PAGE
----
As Ukraine consolidates the territory it has regained in the northeastern province of Kharkiv, it continues to advance in the east and south of the country.
Kyiv forces have recaptured more than 150 miles of land in the southern province of Kherson that had fallen to the Russians earlier in the war, Ukraine’s southern military command said on Thursday. Spokeswoman Natalia Humeniuk added that the situation along the southern front remains fluid.
At the same time, the Ukrainian counteroffensive that drove Russian troops out of Kharkiv and across the border has spread to neighboring Luhansk and Donetsk provinces, which make up the industrial Donbas region that Russia covets. Among the prize winnings was the strategically important city of Lyman.
Ukrainian President Volodymyr Zelensky and his officials on Wednesday announced the recovery of villages in those provinces. Zelenskyy proclaimed: “The return of the Ukrainian flag means that a peaceful and socially secure life is once again possible for Donbas.”
With Russia’s attempted annexation of four provinces as a backdrop, further Ukrainian progress in parts of Luhansk seems likely due to favorable terrain and a lack of Russian reinforcements, according to the Washington-based report. Institute for the Study of War.
Furthermore, the institute said, “the ongoing counter-offensives in northern and southern Ukraine are likely forcing the Kremlin to prioritize defending one area of operations at the expense of another, which could increase Ukraine’s likelihood of success in both. “.
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►The head of the US Agency for International Development, Samantha Power, was in Kyiv on Thursday to meet with government officials and residents. She said the US would provide an additional $55 million to repair heating pipes and other equipment.
► The European Union on Thursday froze the assets of another 37 people and entities linked to Russia’s war in Ukraine, including officials involved in the annexation of four Ukrainian provinces.
►Polish officials said they are distributing potassium iodide tablets to regional fire stations in case Ukraine’s Zaporizhzhia nuclear power plant is damaged.
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Two Russians who said they were escaping President Vladimir Putin’s military draft are seeking asylum in the United States after landing on a remote Alaskan island in the Bering Sea, Alaska Sen. Lisa Murkowski’s office said.
Murkowski and fellow Alaska Senator Dan Sullivan, both Republicans, said the Russians washed up on a beach near Gambell, an isolated community of about 600 people on St. Lawrence Island. Sullivan said he was alerted to the arrival Tuesday morning, and his spokeswoman said it appeared the two Russians arrived by boat.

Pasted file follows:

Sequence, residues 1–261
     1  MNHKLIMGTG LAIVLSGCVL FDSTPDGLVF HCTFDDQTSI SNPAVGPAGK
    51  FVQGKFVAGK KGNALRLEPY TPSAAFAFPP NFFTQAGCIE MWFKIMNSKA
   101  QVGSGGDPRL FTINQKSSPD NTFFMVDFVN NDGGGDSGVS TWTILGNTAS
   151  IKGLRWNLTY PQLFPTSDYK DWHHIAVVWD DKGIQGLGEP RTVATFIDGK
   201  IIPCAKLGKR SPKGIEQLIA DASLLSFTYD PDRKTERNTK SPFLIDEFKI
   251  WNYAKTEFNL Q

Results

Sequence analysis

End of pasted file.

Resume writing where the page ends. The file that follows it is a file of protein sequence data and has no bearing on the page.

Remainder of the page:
Gambell is about 36 miles from the Chukotka Peninsula in Russia’s Siberian region.
A Kremlin spokeswoman on Thursday appeared to placate controversy over any nuclear option in Ukraine and blamed NATO for an escalation in nuclear rhetoric.
“The Russian Federation is fully committed to the principle of the inadmissibility of nuclear war,” Russian Foreign Ministry spokeswoman Maria Zakharova said.
Zakharova said she will not “engage in raising the bar on nuclear rhetoric,” saying it serves the interests of NATO countries.
Russian President Vladimir Putin announcing a partial military mobilization for his country last month, vowed to use “all available means” to deter attacks against Russia, an allusion to Russia’s tactical nuclear arsenal. NATO Secretary General Jens Stoltenberg then warned of “serious consequences for Russia” if Putin were to use nuclear weapons in Ukraine. The United States issued a similar warning.
Russia launched two missile strikes on Thursday that hit apartment blocks in the southern Ukrainian city of Zaporizhzhia, near Europe’s largest nuclear power plant, officials said. One person was killed and at least five were trapped in the rubble, Governor Oleksandr Starukh wrote on Telegram. Thursday’s attacks came hours after Ukraine announced that Russian occupation forces had been expelled from three more villages in regions illegally annexed by Moscow.
Each side has blamed the other for the rocket attacks that roared distressingly near the plant. Putin on Wednesday declared the plant Russian property, a decree quickly rejected by Ukraine. Rafael Grossi, director general of the International Atomic Energy Agency, was scheduled to visit Kyiv on Thursday to continue talks on establishing a nuclear safety zone at the plant.
Contributing: The Associated Press
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